A Beginner’s Guide To Fantasy Novels Part 5: 1990-2001
Here we are in the 90’s and 2000’s, we’re staring at the finish line. Before we begin though, I feel it might be a good thing to clarify the intent of the series. When you read this, don’t think of it as a list of the best books of certain decades, though the books are certainly some of the best of their genre. What I am trying to do is pick the essential books that might be a gateway for people who are just deciding they want to get into the fantasy genre, or expend their horizons a bit, to seek out other writers/stories like the ones I’ve mentioned. For some that might mean discovering other works by the mentioned authors; Tanith Lee appears in the 90’s article, but she has been writing since the mid-seventies. Her Birthgrave series from ’75 is really good in fact, but I think her Unicorn series is more accessible to beginners, so that’s the one I added. Some people will have multiple entries because their work is mostly accessible as a whole and is great for beginners, Weiss and Hickman and Terry Brooks come to mind. So please don’t think of this as a comprehensive list, but as a guide to start out on. With that said let’s start the festivities. It’s kind of cool that one of the first fantasy novels of the nineties would turn out to be the beginning of one of the most enduring of modern series.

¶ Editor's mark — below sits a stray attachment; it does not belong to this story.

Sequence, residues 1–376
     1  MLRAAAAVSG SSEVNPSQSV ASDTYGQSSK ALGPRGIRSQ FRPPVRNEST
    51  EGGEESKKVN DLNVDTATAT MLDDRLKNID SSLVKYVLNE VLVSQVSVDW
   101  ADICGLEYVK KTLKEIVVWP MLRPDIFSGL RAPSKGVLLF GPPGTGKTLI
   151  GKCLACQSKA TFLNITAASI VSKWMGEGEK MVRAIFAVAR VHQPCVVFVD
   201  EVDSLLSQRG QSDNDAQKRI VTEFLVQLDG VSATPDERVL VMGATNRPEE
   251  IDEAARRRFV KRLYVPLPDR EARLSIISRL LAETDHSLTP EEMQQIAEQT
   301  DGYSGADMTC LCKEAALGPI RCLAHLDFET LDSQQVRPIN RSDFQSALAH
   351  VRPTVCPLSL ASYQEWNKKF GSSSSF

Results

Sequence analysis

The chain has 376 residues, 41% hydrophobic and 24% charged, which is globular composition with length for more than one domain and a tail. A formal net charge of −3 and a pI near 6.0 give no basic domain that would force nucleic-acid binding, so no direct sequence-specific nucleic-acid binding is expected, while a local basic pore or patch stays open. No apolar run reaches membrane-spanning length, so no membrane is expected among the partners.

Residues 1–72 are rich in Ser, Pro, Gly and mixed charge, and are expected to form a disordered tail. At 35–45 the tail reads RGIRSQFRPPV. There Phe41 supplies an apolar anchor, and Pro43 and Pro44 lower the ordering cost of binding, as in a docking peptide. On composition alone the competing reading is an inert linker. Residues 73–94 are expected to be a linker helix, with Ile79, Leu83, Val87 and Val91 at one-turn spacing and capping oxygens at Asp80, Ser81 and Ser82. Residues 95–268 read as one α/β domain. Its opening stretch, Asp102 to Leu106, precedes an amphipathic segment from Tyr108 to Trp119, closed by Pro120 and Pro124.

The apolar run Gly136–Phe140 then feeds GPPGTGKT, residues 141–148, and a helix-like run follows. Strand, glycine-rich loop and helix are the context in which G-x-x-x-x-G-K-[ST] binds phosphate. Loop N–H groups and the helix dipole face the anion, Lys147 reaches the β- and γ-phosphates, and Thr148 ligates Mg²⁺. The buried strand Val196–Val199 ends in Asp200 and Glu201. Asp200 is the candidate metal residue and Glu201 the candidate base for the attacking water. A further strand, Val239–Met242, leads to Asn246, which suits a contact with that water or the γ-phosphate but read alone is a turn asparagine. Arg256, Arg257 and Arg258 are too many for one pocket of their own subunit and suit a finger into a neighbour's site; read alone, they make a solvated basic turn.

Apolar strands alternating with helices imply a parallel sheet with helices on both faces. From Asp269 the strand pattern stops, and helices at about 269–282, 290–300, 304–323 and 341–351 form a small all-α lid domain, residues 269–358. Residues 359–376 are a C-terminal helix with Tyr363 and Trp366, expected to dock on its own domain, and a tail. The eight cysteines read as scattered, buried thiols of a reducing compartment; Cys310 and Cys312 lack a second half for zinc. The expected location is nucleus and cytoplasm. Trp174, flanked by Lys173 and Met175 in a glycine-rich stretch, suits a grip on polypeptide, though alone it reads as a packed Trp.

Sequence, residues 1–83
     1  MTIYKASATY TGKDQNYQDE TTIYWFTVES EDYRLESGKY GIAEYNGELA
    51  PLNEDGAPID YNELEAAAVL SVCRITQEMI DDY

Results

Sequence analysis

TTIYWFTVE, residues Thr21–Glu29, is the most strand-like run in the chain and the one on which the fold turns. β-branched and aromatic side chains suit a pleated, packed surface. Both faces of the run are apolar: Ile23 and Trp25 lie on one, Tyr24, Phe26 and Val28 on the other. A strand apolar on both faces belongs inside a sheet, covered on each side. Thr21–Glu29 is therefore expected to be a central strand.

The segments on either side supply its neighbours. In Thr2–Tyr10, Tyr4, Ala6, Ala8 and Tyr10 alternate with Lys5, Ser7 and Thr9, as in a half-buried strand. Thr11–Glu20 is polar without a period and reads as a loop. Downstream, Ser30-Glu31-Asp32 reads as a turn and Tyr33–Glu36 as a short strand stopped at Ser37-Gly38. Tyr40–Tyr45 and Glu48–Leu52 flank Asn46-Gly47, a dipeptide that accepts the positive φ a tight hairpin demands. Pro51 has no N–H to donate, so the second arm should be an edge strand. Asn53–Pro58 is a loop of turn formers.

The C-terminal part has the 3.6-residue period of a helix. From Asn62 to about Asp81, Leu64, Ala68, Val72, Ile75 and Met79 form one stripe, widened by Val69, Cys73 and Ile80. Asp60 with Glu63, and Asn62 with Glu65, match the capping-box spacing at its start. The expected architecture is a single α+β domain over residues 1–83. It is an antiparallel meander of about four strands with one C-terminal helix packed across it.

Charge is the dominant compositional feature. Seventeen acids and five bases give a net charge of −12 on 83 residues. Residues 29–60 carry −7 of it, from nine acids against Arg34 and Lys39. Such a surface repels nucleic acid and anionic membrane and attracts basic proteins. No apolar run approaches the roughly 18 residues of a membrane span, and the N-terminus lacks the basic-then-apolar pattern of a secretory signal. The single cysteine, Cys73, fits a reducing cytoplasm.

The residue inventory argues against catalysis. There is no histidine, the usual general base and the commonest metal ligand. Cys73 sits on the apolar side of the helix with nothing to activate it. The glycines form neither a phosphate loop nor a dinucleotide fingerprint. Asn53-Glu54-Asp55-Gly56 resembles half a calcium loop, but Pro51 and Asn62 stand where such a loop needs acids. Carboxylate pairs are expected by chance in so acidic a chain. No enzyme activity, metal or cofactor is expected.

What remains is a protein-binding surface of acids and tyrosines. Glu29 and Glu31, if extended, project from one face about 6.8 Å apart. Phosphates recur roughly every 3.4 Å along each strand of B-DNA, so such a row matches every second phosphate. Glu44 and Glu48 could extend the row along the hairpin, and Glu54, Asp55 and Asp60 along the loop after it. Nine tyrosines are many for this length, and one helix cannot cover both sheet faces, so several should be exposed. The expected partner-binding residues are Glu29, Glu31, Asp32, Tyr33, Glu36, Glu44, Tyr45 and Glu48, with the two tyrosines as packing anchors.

Eye Of The World by Robert Jordan (The Wheel Of Time Series 1990-2010; finished by Brandon Sanderson)
A stunning fourteen book epic with a really interesting take on the people who do magic in it’s universe and compelling arc for even it’s tertiary characters. The people of Edmond’s Field; including the young townsfolk Rand al’Thor , Matrim Cauthon, Perrin Aybara, Egwene al’Vere, and town Wisdom Nynaeve al’Meara, are excited to learn an Aes Sedai (the female mages of the universe, there used to be male mages but they are hunted down since their connection to the One Power was contaminated by the Dark One) named Morgaine and her warder Al’Lan Mandragoran has come to town. Morgaine has come to Edmond’s Field to see if Nynaeve has a connection to the One Power and can be trained as an Aes Sedai, but she has another objective as well. After the town is attacked by the Dark One’s minions, creatures called Trollocs, Morgaine reveals that she believes that one of the young men might be the Dragon Reborn, a reincarnation of the hero who sealed Dark One Shaytan in his prison, and can prevent his escape. This starts a group on the journey of a lifetime.